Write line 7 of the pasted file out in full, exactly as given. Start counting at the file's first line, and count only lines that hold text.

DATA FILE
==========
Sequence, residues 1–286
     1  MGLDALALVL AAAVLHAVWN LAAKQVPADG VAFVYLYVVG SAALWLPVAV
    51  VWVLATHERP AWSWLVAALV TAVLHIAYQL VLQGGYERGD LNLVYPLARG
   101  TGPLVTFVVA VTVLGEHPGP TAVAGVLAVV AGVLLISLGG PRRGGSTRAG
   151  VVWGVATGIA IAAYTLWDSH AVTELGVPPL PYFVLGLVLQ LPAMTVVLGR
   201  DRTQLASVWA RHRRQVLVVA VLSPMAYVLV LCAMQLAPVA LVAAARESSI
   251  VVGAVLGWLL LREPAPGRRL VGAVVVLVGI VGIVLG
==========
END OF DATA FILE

   251  VVGAVLGWLL LREPAPGRRL VGAVVVLVGI VGIVLG